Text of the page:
The polemic on the reception of refugees in Germany re-starts after the knife attack on Friday in a shopping street in Hamburg by a rejected asylum seeker, an act characterized as an attack by the local authorities.
The death toll was a 50-year-old man stabbed in a supermarket, and six wounded, five men and a woman, some seriously.
While the police and the interior minister of the Hanseatic city-state must take stock of the attacker’s specific investigation and motives at a press conference at 12.00 (10.00am GMT), the political damage Already visible.
The mayor of Hamburg, Olaf Scholz, revealed indeed that the author of what he denounced as a “heinous attack” was an asylum-seeker who had been rejected. But who could not be taken back to the border for lack of proper documents?
“What makes me even angrier is that the author is obviously someone who sought refuge in Germany and who hijacked his hatred against us,” he said Friday night.
“This is obviously a foreigner in the process of leaving but could not be expelled because he did not have identity documents,” he said. Politically, this point is very delicate for the German authorities.
If it is confirmed that the attack with the knife is an attack with Islamist motivation, the link will inevitably be made with the previous act of this type, the attack on the ram truck against the Christmas market in Berlin in December (12 dead ).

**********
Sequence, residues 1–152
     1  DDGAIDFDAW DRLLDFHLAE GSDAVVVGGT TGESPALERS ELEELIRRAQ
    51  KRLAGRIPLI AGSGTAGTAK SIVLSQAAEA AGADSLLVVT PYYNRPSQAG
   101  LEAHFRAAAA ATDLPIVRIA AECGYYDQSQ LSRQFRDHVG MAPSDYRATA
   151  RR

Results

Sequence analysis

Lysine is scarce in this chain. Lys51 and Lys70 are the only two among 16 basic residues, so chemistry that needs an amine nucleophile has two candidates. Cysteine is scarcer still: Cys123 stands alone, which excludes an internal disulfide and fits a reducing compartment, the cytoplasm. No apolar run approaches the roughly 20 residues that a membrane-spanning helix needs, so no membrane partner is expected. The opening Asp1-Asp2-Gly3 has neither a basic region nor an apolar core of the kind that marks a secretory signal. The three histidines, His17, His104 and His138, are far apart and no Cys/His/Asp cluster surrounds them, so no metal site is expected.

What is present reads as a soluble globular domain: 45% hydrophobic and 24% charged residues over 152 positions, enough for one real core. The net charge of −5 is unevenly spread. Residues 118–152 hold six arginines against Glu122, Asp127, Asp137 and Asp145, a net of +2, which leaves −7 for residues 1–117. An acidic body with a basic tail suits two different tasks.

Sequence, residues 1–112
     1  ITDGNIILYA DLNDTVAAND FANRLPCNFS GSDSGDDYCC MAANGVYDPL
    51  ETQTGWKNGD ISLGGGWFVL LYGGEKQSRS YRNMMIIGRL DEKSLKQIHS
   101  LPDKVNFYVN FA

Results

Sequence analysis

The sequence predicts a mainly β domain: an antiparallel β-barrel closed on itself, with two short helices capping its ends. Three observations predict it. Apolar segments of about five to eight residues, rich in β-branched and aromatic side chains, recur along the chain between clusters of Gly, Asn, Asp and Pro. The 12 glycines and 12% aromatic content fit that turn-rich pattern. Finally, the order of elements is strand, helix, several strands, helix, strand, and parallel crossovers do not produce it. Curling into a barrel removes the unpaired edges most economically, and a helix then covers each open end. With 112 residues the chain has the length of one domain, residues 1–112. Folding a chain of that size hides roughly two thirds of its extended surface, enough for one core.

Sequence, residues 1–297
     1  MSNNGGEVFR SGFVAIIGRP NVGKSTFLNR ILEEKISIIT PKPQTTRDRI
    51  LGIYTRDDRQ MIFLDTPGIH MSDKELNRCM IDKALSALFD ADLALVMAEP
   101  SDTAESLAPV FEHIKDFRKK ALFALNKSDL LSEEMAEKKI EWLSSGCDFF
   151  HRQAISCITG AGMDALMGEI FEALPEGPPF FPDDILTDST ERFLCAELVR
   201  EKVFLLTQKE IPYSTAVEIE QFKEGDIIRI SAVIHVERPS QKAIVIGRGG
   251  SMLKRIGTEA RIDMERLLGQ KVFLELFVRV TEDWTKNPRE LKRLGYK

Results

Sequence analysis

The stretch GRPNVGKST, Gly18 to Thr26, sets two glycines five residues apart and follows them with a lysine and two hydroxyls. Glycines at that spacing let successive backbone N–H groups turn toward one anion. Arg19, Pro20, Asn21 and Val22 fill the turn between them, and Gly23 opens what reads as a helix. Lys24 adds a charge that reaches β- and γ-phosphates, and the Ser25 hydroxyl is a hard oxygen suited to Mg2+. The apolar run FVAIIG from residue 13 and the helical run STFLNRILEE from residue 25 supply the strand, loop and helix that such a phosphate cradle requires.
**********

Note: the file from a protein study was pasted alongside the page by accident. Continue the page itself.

It was committed by a Tunisian, Anis Amri, who was in an identical legal position: an asylum seeker who had been dismissed, but he was still in Germany because he had no papers. Tunisia, for several months, had not recognized that he was one of its nationals.
The German government has since tightened the rules, facilitating the evictions of migrants considered dangerous by the police and strengthening their surveillance.
The mayor of Hamburg has now demanded a new round of screw. “This shows how urgently it is urgent that this kind of practical and legal obstacles to evictions be lifted,” he said.
The debate over migrants, which has poisoned Angela Merkel for months following her controversial decision to open the country’s doors to refugees in 2015, is likely to re-emerge, so the conservative chancellor thought she would be rid of her on the eve of the elections Of 24 September.
In the last few months, the number of migrants has risen sharply in the polls, as the issue of migrants has returned to public opinion, following the arrival of more than one million of them in 2015 and 2016.
It’s Christian Democratic Party (CDU / CSU) leads the polls at 40%, far ahead of the Social Democrats.
The German nationalist right of the AfD, which has denounced the arrival of Muslim migrants in the country, has fallen into the breach after Hamburg has been losing ground for months.
One of its leaders, Beatrix von Storch, considered the attack “linked to Islam”. “At last try to understand,” she twitted to Angela Merkel.
The author of the Hamburg aggression is a 26-year-old man from the United Arab Emirates. He lived in a home of migrants from Hamburg, which was raided on Friday night by the police.
According to the German media, he was known to the authorities for his links with the Islamist circles. But some also point out that he suffered from psychological problems and was drugged. This leaves areas of shadow on its motivations.
Police have so far said to investigate “in all directions”.